Now Pacino, 62, is fighting to keep them in his life. The actor filed suit last month in New York City family court seeking joint custody and liberal visitation rights from the twins' mother, actress Beverly D'Angelo, 51. "He doesn't want to fight with her," says Pacino's friend, writer Lawrence Grobel. "Unfortunately he has an issue with [D'Angelo] where he can't have as much individual time with the kids as he would like." A friend of D'Angelo's, expressing surprise Pacino took the spat to court, calls it a dispute between two temperamental people "who are madly in love with each other. I guess you can emphasize the 'madly.' "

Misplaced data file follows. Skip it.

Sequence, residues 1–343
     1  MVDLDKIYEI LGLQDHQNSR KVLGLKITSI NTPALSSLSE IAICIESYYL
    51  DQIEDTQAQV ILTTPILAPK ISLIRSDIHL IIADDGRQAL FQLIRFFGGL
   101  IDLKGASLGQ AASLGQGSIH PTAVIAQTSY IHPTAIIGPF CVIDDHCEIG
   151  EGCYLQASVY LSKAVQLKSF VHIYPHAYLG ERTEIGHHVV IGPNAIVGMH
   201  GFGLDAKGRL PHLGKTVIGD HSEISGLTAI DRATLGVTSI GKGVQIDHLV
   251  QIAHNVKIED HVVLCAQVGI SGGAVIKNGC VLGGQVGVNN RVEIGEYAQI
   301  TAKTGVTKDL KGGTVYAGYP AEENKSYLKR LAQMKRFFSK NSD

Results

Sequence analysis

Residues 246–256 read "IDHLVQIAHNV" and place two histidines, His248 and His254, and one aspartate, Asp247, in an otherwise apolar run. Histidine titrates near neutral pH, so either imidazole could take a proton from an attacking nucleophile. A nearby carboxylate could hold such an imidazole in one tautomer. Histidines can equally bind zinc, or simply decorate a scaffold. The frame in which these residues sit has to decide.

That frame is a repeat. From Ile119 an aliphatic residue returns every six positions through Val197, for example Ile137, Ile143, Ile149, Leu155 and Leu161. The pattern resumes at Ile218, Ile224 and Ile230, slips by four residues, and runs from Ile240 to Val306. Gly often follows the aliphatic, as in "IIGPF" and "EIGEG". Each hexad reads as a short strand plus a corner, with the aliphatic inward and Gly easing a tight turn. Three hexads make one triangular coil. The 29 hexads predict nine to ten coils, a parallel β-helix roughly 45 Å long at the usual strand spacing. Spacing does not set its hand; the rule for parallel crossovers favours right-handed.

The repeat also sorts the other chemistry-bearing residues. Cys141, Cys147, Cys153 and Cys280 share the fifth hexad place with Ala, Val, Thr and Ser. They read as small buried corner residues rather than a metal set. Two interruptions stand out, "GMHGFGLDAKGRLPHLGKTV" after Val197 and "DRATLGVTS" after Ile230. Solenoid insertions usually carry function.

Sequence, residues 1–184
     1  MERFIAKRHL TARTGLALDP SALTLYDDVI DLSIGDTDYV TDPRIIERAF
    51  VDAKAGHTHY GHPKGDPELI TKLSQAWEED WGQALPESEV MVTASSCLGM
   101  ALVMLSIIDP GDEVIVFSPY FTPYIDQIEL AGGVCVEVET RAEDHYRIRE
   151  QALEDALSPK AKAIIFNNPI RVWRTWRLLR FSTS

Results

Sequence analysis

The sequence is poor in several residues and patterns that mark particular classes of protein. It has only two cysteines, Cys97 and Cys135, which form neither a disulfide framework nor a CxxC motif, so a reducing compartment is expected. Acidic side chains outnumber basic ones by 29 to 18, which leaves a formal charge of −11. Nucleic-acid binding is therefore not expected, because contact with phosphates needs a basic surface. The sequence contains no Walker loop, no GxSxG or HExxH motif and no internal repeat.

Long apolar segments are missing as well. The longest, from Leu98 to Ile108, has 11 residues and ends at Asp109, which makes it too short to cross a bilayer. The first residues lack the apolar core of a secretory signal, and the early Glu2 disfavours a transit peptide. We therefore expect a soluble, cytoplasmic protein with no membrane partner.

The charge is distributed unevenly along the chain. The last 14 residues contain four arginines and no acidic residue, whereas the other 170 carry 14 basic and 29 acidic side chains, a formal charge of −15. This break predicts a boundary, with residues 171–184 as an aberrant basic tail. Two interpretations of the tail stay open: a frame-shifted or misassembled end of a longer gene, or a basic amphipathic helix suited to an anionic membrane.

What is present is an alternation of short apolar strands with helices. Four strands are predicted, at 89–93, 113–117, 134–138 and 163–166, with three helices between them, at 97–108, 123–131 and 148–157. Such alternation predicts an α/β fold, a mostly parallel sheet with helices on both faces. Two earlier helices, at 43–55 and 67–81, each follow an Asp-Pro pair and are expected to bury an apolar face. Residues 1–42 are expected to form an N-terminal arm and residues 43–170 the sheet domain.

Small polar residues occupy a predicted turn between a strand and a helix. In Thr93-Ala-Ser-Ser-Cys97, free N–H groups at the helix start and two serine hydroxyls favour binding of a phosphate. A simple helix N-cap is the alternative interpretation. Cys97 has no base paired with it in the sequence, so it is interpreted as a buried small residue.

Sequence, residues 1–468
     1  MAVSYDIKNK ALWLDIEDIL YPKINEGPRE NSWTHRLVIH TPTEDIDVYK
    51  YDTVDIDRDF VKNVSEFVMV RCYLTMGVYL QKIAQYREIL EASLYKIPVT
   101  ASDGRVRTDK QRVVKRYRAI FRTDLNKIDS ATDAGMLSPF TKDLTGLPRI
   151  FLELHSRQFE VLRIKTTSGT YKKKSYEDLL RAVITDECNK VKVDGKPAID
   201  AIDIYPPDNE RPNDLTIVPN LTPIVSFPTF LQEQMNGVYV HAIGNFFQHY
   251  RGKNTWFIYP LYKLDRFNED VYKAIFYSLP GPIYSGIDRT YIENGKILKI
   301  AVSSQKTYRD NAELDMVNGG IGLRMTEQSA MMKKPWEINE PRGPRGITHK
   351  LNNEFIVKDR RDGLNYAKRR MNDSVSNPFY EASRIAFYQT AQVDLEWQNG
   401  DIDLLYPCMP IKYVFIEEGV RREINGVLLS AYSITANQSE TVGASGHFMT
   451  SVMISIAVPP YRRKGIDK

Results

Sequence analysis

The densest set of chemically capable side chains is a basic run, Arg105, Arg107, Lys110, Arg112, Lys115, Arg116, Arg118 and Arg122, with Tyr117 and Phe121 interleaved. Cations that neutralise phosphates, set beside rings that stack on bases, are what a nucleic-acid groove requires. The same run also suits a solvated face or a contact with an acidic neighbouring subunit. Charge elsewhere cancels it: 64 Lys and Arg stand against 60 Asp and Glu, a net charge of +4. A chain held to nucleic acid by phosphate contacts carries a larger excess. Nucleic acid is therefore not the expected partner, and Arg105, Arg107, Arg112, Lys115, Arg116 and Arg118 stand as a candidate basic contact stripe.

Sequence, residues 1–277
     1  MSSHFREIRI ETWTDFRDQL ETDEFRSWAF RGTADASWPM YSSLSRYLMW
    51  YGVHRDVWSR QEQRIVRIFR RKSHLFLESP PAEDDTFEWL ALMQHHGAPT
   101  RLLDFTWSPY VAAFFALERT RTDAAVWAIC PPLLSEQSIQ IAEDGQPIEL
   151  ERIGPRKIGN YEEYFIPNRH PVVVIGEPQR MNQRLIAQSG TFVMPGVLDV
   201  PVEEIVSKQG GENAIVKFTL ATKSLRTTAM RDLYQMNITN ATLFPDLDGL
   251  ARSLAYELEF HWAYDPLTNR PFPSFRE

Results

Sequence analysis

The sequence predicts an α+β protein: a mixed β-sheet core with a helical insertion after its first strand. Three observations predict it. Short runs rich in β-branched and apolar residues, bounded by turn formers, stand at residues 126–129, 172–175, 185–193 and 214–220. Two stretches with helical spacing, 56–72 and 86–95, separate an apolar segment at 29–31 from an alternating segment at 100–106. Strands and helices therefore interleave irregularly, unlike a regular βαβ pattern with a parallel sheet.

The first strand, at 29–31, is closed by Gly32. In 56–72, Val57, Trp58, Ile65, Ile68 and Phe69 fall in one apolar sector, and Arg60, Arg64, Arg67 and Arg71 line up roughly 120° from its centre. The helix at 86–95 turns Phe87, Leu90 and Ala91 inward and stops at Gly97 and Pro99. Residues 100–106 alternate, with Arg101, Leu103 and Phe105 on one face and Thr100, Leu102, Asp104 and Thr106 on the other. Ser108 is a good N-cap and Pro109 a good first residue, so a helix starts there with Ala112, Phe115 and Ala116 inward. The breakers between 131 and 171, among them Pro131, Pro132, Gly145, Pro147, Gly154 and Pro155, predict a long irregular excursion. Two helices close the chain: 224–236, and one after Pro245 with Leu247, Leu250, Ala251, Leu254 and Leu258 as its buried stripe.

The move marks an unhappy turn in an unconventional relationship. The never-wed Pacino—who has a daughter, Julie, 13, with former flame Jan Tarrant—began dating D'Angelo six years ago, and she conceived the twins through in vitro fertilization. Though they have separate homes, they still spend time together at his spreads in Sneden's Landing, N.Y., and Manhattan. "He's always reading his scripts while the kids are running around in the courtyard," says a Manhattan neighbor.
With hearings set to begin Feb. 24, Grobel feels his famously private pal may still avoid a public tug-of-war. Pacino "is trying to work things out," he says. "He loves these kids as much as he loves anything in his life."
Michael Corleone communing with the big purple dinosaur? "I catch Barney every once in a while," Al Pacino admitted last year. Of his twins, son Anton and daughter Olivia, who turned 2 on Jan. 25, Pacino said, "They have certainly given my life a lift."